By day, I'm a skeletal muscle physiologist in a laboratory at the University of Tampa. But I also have a secret—OK, it's no secret. I absolutely love bodybuilding and lifting weights. Ever since I was a kid, I knew I wanted to be a scientist studying sports performance, and bodybuilding in particular.
To me, bodybuilding is fascinating because it's based on the ultimate dichotomy: gaining size and getting shredded at the same time. These shouldn't mix, right? But they do, as we see in our lab on a regular basis.
At any given time, we're doing approximately six experiments on bodybuilding. We can look at muscle from the bone to the skin; we can scan your whole body and tell you the most accurate ways to look at fat. You name it, we can analyze it.
I want to bring this sport to a new level with the latest science has to offer, and I want you to ride along with me.
Pull up a chair and get out your notebook. Mass Class is about to begin.
If you look at all the scientific literature, you'll see we've narrowed down how muscle grows to at least 3-4 different mechanisms. You'll hear people say, "Oh, so-and-so is the best training method, " but that method might only maximize one of those mechanisms. When you're training for maximum growth, periodize your training so you can optimize each of these mechanisms.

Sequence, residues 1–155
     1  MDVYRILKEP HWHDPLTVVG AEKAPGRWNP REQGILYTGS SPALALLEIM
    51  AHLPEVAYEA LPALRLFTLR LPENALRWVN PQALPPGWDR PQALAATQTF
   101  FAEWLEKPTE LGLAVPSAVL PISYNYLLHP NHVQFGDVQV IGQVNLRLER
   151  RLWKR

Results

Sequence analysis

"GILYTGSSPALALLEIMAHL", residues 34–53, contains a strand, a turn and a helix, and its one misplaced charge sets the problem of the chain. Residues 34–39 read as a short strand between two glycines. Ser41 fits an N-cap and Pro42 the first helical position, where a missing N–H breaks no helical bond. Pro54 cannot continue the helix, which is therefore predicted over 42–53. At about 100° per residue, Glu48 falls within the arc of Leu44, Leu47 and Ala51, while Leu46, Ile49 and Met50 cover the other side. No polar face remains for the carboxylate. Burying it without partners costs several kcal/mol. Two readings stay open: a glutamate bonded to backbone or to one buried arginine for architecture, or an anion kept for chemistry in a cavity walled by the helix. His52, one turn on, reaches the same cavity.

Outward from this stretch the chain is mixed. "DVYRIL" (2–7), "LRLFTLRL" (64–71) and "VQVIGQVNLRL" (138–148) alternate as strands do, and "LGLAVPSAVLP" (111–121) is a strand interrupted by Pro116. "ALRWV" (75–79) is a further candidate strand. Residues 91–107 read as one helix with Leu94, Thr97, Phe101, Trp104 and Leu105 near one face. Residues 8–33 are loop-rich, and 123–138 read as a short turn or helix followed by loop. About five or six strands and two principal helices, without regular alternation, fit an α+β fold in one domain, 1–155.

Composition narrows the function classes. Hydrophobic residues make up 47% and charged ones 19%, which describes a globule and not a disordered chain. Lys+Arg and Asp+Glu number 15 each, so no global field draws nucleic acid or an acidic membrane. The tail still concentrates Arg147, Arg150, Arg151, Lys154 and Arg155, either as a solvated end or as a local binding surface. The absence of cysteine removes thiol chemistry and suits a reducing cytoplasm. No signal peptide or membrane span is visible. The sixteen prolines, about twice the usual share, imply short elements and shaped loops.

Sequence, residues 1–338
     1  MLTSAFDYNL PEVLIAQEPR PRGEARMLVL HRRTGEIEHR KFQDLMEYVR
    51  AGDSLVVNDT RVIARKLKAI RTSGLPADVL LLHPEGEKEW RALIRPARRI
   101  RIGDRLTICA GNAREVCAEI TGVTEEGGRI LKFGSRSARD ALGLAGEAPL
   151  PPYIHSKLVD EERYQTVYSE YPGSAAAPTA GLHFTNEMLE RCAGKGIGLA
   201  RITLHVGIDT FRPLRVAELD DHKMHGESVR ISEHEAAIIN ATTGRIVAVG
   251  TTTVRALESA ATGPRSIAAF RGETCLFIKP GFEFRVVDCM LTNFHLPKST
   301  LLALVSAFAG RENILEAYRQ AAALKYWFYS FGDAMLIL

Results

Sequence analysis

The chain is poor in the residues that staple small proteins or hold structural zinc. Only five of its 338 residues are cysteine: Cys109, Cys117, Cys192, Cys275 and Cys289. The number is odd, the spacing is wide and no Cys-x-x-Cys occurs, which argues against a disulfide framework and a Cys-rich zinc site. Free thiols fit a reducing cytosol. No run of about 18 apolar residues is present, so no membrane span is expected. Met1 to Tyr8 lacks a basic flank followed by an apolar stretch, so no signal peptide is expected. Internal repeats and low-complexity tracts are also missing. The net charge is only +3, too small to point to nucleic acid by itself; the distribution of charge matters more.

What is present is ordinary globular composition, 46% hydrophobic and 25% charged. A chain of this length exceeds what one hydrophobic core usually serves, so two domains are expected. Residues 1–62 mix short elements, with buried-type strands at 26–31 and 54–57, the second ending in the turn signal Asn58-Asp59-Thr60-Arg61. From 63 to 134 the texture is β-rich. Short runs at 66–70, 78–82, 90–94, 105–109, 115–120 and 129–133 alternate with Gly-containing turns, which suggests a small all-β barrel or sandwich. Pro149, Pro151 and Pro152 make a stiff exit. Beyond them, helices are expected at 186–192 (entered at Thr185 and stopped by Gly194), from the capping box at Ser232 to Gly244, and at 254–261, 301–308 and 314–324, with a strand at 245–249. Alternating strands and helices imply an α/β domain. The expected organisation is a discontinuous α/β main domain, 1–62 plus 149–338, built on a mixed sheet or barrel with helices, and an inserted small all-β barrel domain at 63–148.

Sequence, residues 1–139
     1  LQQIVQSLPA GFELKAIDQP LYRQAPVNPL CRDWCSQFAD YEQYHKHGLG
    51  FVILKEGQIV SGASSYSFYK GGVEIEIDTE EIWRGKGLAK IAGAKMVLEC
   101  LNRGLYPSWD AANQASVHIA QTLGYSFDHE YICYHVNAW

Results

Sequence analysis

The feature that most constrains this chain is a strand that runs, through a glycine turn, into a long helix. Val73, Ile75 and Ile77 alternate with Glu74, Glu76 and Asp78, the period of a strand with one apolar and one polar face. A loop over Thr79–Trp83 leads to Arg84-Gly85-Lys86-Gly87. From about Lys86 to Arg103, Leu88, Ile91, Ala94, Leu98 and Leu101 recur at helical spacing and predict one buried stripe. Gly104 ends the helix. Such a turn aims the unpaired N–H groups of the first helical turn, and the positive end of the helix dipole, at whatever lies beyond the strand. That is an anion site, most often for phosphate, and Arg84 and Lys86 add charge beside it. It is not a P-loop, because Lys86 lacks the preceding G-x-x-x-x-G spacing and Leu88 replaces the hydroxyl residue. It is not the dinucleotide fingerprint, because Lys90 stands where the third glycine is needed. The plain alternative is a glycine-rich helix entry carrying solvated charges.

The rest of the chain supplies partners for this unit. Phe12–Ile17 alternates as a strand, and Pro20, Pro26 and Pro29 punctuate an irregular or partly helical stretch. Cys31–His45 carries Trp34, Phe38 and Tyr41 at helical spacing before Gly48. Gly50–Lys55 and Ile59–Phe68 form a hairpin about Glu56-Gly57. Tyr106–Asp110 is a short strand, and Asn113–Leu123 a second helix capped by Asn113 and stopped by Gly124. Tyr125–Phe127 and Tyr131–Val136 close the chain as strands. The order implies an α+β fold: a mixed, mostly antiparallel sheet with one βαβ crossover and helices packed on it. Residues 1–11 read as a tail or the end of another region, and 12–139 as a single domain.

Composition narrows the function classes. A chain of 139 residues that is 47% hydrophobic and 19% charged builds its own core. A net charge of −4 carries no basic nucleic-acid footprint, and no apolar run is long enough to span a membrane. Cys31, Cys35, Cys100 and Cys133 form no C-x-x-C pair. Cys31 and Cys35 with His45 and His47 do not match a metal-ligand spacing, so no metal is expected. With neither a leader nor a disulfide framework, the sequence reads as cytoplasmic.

Luckily, there are many different techniques you can use to do this.
Different researchers have different ways of categorizing them, but here's what I consider the primary mechanisms of muscle growth:
You've probably heard guys who are about to go to the gym say things like, "I'm gonna go get my swole on." There is actually something to what they're saying. We call it the cell swelling theory.
Working in the 8-12 rep range (hypertrophy range) can increase cell swelling.
When you train and you get a pump, kind of like Arnold famously talked about in "Pumping Iron, " your muscle cells sense that swelling as a threat. They basically say, "OK, I have to grow or die." So they restructure themselves and get larger.
What are the methods to increase that edema, or that blood to the muscle? Working in the hypertrophy range of 8-12 repetitions is one, especially with short rest period lengths.
Overload techniques like stripsets, supersets, and working to failure are also ideal, if you use them properly.